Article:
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Japan NPO publishes first academic finding that some Asian black bears seem to kill cubs

A still image of male Asian black bear Akuosu, left, fighting with female bear Miroku is seen in this image provided by Picchio Wildlife Research Center.

NAGANO -- Is a bear cub's mortal enemy an adult male bear? Picchio Wildlife Research Center (Picchio), a nonprofit organization in the central Japan prefecture of Nagano that has engaged in conservation work on bears for over 20 years, says it has confirmed a case in which a mature male Asian black bear seems to have killed cubs.

    The results of the research carried out with Tokyo's Nippon Veterinary and Life Science University have been published in the online version of Ursus, an academic journal from the International Association for Bear Research and Management based in the United States.

    It appears to be the first time an Asian black bear has been academically confirmed to have killed a cub. Picchio hopes that the results of the latest work can serve as a starting point for developments in further research.

    Between April 1 and May 11, 2016, Picchio set up sensor cameras in a bear's winter den in a forest in the prefectural town of Karuizawa. The cameras then took still images of the female bear Miroku, her young and other animals.

    Among the images taken May 6 were some of a male Asian black bear, Akuosu, who appeared in front of the den. The pictures show him and Miroku engaged in a vicious altercation. After that, Akuosu was photographed leaving the den with the incapacitated bear cubs in his jaws. While Miroku's corpse was later found a short distance from the den, the cubs' bodies were not. Additionally, it wasn't possible to confirm if Akuosu and the cubs were father and children.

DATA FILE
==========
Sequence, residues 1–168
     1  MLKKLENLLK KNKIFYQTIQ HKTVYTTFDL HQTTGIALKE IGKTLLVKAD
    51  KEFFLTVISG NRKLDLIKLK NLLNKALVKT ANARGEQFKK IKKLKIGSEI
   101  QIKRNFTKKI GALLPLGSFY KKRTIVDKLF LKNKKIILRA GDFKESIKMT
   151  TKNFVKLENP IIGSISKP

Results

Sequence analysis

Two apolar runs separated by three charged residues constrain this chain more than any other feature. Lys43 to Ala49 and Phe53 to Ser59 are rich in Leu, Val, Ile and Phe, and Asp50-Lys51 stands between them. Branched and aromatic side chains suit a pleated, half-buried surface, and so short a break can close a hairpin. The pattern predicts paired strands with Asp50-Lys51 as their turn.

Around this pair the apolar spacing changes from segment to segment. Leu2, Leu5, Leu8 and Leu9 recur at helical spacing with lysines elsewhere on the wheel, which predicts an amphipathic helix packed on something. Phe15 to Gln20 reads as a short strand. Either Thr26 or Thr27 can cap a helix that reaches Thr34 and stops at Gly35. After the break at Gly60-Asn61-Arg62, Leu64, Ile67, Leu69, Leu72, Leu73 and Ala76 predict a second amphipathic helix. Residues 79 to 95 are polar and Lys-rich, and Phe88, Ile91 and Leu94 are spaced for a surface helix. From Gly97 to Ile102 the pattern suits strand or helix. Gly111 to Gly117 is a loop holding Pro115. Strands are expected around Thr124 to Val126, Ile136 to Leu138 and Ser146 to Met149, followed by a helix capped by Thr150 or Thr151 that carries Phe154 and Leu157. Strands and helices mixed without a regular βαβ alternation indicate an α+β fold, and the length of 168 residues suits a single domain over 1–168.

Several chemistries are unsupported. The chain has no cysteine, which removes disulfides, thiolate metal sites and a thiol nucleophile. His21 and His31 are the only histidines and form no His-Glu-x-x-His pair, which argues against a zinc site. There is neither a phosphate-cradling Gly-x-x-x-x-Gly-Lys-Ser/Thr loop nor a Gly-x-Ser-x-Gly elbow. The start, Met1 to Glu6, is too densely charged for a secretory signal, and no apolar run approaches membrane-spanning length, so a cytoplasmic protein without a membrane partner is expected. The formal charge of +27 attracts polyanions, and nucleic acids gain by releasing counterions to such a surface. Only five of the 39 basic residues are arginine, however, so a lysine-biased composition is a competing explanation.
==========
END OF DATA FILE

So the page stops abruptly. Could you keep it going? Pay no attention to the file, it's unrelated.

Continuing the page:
Hiroo Tamatani, a member of the nonprofit organization Picchio Wildlife Research Center who engaged in the research on Asian black bears, is seen in the town of Karuizawa, Nagano Prefecture, on Nov. 4, 2021. (Mainichi/Mari Sakane)

    Hiroo Tamatani, head of wild animals at Picchio, indicated he didn't think this was an isolated case, saying: "We've seen a number of cases in which we've followed female bears who have given birth and who we've put transmitters on, and found them dead. It's said that traditional mountain hunters and bears kill bear cubs."

    Two theories reportedly exist regarding bears killing cubs. One is that females taking care of their young don't go into heat, and male bears kill the cubs to incite females into rutting and taking care of their own descendants. The second is that they kill and eat the cubs for sustenance.

    Miroku died within 24 hours of her cubs being taken away, a very short period for her to be able to become sexually active again and mate. This means the first theory can't be proven. Additionally, the cubs' corpses could not be found, meaning it's not certain whether they were consumed for their nutrition. Picchio says it intends to continue its investigations to shed light on the motivations behind cub killing.

    Chiho Yanagihara, a member of Picchio who was involved in the research, said: "We didn't do this with a view that bears are frightening creatures so of course they kill their young, but from a sense that we hoped we might be able to understand scientifically their circumstances as they occur in nature."

    (Japanese original by Mari Sakane, Nagano Bureau)

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